Small detail section of the painting the glorious “Jessie Logan”.7th February, 2019
Here we have a close up showing the bow wave of “Jessie logan”. There’s nothing more satisfying than painting a good bow wave. In a marine painting it is probably one of the most important features. If done properly it can give so much energy to the painting. The painting of “Jessie Logan” will be featured in the new Zealand’s Maritime history exhibition in early 2021 to be held in Auckland.
Sneak peak at one of the marine paintings.12th November, 2018
Here is a section of one of the marine paintings that will be on show at the exhibition. It has been steady progress with each painting taking on average seven weeks full time to complete. This is not including the research involved. The exhibition will include two paintings depicting New Zealand’s proud history in sailing.
New exhibition – maritime paintings.14th March, 2018
I am now underway with a new exhibition that will feature maritime paintings. This is my preferred subject matter and one that I know very well having spent 28 years at sea. The next exhibition will be in Auckland in 3 years that will be a visual narrative covering the maritime history of New Zealand from the 1800s to early 1900s that may also include the war years. A tremendous amount of research is required with a number of people assisting including maritime historians and some very knowledgable people on the square rigged ships. The exhibition will also include port scenes. New Zealand has such a rich and diverse marine history and no wonder she is known world wide for her maritime prowess. I will endeavor to cover every maritime sector.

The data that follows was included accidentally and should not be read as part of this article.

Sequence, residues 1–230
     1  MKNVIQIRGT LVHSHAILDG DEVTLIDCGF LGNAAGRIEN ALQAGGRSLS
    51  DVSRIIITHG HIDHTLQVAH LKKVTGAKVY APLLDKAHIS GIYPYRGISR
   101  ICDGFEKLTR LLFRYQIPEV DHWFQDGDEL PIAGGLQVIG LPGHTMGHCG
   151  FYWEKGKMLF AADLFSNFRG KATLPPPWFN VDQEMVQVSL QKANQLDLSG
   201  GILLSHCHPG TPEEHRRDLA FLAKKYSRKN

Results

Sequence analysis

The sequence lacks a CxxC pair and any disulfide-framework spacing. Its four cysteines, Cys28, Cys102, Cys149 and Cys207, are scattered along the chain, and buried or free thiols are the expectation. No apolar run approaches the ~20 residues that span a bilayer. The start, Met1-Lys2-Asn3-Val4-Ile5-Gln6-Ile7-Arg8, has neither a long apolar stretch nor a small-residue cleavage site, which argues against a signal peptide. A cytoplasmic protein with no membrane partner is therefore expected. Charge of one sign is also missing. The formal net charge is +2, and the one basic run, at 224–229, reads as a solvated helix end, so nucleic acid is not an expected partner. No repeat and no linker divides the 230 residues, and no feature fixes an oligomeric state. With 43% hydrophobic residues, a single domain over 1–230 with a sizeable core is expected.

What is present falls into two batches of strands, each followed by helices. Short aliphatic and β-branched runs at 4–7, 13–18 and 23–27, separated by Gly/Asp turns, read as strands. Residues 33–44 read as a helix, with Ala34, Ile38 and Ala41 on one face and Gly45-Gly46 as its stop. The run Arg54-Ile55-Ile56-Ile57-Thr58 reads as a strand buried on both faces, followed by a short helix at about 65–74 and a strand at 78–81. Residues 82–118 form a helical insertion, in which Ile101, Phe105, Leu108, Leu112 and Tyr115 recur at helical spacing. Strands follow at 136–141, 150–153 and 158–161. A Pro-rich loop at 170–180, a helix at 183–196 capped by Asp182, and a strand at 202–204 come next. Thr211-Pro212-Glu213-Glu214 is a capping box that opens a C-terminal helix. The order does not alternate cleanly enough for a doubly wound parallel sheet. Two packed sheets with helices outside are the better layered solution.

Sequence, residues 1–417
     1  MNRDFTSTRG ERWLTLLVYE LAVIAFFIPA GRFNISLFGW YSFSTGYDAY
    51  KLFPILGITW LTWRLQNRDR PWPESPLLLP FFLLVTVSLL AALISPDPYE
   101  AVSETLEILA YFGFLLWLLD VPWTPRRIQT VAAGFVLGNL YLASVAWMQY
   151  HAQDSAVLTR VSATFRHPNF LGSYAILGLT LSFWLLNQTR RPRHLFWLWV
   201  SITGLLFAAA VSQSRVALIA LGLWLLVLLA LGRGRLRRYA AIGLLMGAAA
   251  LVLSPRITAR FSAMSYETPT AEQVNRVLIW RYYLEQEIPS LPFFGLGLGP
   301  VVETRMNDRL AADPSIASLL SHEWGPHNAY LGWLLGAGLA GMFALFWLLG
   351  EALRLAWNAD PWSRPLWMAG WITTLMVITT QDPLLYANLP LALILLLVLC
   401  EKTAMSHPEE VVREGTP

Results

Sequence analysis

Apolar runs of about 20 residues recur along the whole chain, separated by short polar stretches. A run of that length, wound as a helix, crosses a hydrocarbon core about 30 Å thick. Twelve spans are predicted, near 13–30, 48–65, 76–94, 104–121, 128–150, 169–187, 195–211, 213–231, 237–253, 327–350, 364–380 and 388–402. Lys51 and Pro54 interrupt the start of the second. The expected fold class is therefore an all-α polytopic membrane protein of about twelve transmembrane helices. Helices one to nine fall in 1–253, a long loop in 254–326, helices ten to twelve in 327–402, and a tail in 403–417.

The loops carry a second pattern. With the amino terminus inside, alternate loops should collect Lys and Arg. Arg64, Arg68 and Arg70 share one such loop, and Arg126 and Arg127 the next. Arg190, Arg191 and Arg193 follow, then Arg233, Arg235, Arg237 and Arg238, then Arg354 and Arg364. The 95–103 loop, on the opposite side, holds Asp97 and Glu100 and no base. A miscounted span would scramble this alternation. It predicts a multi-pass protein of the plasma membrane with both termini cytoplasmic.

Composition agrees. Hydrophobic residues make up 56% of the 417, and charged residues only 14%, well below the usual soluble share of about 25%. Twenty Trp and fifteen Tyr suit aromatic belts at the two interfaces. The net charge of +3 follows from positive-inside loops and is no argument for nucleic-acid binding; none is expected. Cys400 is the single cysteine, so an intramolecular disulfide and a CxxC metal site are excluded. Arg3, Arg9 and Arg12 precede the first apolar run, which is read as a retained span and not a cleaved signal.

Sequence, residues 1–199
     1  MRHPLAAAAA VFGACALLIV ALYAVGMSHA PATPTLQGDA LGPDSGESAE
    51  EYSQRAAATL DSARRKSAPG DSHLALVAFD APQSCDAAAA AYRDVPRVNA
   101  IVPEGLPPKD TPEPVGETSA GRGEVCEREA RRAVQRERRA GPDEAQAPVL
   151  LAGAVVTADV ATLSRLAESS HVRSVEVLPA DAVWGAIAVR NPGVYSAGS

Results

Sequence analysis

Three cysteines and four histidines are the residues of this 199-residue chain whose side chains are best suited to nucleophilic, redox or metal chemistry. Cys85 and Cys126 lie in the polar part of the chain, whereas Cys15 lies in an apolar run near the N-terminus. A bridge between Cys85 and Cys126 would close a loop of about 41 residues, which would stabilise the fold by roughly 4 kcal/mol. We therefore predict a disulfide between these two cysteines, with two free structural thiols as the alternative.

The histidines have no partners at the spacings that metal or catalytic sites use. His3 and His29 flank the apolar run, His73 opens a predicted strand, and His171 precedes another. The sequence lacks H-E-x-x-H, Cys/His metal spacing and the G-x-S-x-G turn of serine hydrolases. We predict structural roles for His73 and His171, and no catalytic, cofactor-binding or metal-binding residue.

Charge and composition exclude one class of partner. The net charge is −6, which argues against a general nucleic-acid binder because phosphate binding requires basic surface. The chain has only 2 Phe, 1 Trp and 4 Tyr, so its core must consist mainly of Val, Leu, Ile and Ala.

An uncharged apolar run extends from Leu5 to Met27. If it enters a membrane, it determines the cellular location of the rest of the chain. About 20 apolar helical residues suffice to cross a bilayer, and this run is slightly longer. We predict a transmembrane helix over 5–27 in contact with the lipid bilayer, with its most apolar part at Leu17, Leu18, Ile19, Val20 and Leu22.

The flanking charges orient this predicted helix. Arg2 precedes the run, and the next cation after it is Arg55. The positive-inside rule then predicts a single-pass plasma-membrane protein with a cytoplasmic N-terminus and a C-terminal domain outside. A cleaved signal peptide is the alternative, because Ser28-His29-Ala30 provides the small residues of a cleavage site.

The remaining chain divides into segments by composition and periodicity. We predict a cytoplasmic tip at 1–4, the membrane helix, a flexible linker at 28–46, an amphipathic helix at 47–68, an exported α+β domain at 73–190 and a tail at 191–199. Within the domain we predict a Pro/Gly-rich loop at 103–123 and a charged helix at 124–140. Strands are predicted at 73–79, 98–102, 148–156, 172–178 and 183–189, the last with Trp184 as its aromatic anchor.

I will post regular images with updates on how the paintings are progressing.
The attached images are of the first painting that depicts New Zealander Frank Worsley taking one of the four sextant sights that enabled Shackletons “James Caird” to successfully reach South Georgia on the epic voyage from Elephant Island. Frank Worsley a New Zealand Master Mariner that richly deserves his place in New Zealand’s maritime history.